Preparing a trust? Here’s how to set your trustee up for success
Choosing a trustee
When choosing a trustee, it’s important to find one that has the time and technical skills to follow through on your intended goals and wishes. Also consider any possible biases the trustee may have toward one or more beneficiaries, for example, if an intended trustee has a close relationship with a beneficiary, as sometimes happens with family member trustees.
Look for a trustee that will be consultative, proactive, and upfront with beneficiaries. A good trustee takes a hands-on approach with beneficiaries to educate them on the goals of the trust, explain how it’s interpreted, and come to agreement on how things will be handled to meet the goals you have as grantor.
Considerations for drafting distribution terms
The second vital factor when planning your trust is the directions you provide to your trustee for making distributions. As grantor, your distribution terms matter; the trustee will be limited by the terms and how liberal or restrictive they are.
As grantor, your distribution terms matter; the trustee will be limited by the terms and how liberal or restrictive they are.
Some grantors intuitively want liberal terms to enable beneficiaries to use money from the trust for whatever they might need. For example, trusts often have distribution provisions covering things like “health, education, maintenance, and support,” which are very broad. Or they might include items like “support for purchase of a first home” or “tuition expenses.” Overly broad terms like these may lead to potential problems for your trustee. Is the “first home” a $1 million home? Can it be a $9.5 million home? Is it restricted to a certain percentage of the trust assets, say 10% of the trust? Or, in the case of “tuition expenses,” does it envision standard state tuition, a more expensive school, or perhaps a school abroad? To avoid these problems, your distribution terms should include clear language that defines the scope of the trustee’s discretion.
Unfortunate consequences can also arise if you’re too specific with distribution provisions. Take for example a trust provision that specifies tuition will be reimbursed for a student taking “twelve credit hours.” While the intent is to encourage full-time study, a student taking eleven credits wouldn’t be covered in this situation, even if it’s nearly the equivalent workload of full-time study.
Another frequent problem is language that supports multiple interpretations. For example, a trust might provide for payment of 100% of tuition “if the beneficiary gets a 4.0 GPA.” But some schools weigh their grades and others don’t, potentially creating a disparity between beneficiaries depending on their choice of school. There could be four beneficiaries going to four different schools that average grades differently — now suddenly things aren’t as clear.
Where’s the best balance? The words chosen for a distribution standard in a trust document are of lasting impact. Usually, the more restrictive the terms are, the more complications are likely to arise, so providing your trustee with the most flexibility possible within your goals is often the best solution.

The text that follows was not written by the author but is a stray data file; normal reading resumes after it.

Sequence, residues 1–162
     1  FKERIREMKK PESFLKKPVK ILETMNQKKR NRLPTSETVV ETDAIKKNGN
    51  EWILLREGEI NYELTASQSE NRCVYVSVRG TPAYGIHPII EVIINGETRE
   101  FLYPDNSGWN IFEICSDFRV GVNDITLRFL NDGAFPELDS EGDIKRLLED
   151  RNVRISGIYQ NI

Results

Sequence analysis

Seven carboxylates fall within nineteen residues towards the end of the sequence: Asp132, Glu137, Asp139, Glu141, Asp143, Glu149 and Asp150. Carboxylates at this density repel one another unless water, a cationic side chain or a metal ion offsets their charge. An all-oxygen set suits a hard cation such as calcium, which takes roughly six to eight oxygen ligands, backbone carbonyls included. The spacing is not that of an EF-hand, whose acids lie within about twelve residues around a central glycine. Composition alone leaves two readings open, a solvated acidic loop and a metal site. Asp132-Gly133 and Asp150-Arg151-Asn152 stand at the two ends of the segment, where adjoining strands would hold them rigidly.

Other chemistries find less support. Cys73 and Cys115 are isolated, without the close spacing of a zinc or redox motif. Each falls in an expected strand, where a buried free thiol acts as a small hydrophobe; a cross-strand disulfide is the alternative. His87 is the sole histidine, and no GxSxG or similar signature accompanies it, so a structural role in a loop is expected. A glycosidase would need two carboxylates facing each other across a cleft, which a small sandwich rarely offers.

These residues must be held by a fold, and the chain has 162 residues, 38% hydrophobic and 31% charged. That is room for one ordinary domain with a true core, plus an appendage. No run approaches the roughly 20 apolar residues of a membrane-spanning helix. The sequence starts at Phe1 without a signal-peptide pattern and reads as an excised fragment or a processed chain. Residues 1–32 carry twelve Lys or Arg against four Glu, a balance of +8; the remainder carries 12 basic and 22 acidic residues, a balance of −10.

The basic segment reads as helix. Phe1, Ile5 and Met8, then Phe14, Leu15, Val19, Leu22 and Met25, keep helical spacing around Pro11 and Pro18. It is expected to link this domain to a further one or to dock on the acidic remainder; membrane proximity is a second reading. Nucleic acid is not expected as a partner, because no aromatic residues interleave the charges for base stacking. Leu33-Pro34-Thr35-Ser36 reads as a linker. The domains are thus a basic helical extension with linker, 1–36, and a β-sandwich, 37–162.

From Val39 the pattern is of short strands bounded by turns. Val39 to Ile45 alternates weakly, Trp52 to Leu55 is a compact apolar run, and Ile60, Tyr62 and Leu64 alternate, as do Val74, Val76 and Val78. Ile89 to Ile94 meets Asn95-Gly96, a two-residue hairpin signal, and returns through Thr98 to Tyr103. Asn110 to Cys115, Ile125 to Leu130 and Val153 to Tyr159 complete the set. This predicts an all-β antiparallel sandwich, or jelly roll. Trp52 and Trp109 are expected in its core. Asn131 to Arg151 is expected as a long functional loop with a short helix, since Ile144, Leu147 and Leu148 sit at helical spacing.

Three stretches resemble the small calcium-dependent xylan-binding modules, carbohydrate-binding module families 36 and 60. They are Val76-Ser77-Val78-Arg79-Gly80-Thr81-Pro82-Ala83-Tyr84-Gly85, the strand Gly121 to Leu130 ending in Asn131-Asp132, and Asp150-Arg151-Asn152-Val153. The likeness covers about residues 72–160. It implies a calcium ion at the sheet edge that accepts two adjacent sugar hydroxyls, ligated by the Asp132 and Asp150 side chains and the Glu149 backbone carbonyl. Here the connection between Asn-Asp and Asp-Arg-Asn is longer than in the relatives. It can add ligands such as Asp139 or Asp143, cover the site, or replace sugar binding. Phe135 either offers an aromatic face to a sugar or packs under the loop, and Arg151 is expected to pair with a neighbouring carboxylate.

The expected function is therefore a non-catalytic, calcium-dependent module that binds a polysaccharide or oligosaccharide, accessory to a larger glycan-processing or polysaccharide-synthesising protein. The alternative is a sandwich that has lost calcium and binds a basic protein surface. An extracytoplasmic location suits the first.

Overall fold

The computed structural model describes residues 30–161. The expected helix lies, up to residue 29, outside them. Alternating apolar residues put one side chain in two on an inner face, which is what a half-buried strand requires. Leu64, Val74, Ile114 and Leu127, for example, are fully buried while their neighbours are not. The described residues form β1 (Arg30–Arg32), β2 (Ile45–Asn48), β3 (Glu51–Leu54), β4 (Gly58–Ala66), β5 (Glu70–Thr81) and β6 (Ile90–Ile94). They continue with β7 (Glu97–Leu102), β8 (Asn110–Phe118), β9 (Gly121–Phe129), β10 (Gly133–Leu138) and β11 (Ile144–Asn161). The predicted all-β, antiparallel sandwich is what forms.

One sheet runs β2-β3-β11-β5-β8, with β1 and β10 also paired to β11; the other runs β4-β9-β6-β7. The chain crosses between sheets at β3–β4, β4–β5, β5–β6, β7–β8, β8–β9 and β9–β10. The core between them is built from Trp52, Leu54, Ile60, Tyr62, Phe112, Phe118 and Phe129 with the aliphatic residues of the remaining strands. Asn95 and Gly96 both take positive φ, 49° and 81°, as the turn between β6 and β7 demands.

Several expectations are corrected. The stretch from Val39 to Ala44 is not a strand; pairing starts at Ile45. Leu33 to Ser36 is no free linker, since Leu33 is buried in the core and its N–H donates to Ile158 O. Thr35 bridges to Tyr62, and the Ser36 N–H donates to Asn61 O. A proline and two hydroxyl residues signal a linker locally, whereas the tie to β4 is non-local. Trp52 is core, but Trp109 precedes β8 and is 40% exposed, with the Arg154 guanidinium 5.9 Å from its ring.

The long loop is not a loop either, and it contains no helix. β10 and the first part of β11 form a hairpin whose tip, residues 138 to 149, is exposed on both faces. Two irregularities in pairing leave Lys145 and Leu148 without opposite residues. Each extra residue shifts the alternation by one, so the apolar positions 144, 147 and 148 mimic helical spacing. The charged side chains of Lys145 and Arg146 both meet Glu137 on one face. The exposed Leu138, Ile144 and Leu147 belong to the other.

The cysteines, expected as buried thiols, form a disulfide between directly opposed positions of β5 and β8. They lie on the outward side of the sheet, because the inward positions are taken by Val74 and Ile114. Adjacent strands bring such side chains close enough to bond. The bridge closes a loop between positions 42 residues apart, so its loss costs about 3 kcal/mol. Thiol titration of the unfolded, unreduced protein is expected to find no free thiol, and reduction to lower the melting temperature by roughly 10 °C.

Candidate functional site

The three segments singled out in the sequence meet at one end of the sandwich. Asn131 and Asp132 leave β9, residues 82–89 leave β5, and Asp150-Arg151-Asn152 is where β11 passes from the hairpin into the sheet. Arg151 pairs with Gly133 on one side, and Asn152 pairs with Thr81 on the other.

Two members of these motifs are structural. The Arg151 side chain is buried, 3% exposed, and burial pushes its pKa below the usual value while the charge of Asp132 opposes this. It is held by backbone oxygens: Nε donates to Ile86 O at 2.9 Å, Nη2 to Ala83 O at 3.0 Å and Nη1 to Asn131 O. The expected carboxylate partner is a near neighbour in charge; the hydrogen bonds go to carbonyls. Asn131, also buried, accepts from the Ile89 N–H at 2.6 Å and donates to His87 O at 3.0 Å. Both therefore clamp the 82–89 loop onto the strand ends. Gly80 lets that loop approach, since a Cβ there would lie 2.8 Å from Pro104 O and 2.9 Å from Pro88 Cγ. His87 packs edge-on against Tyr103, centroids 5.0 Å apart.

Usually, the more restrictive the terms are, the more complications are likely to arise.
In all situations, the trust document should indicate your specific intent in making trust distributions, the circumstances that warrant a distribution, and the intended needs of the beneficiary to be met by the distribution. When your intent is to be as restrictive as possible, use clear language and sufficient guidelines around amounts, circumstances, and other factors for making distributions. Discuss with your attorney the legal impact of the various distribution standards and how they’re likely to be implemented by trustees and interpreted by the courts.
To help shape a successful trust, consider these items:
- Trustee selection: Choose a trustee that’s unbiased and preferably has experience administering trusts with similar goals to the one you’re creating. Find more tips on choosing a trustee here.
- Agent for trustee: If you choose a noncorporate trustee such as a friend or family member, consider including an agent for trustee to assist the trustee. An agent for trustee can support an overwhelmed trustee by providing administrative support, offering guidance in applying distribution language, and helping ensure the trustee doesn’t misapply terms.
- Avoid boilerplate distribution standards: Every trust is different. Work with your attorney to provide the right amount of flexibility to your trustee so that your values, philosophies, and specific intentions are properly articulated. Well drafted distribution standards will help ensure your wishes are carried out and provide the trustee with protection against overly demanding beneficiaries.
- Involve the trustee early in the process: When possible, include the trustee early in the conversation and seek their input before executing the trust documents. This is particularly helpful when using a professional trustee so you can leverage their wide experience to identify potential problems.
The bottom line
As a grantor, you want to feel assured that your wishes will be carried out as closely to your original intent as possible. When you provide a competent, unbiased, and trustworthy trustee with suitable direction and discretion, you can feel confident that your trust will provide meaningful support to the people who are most important to you.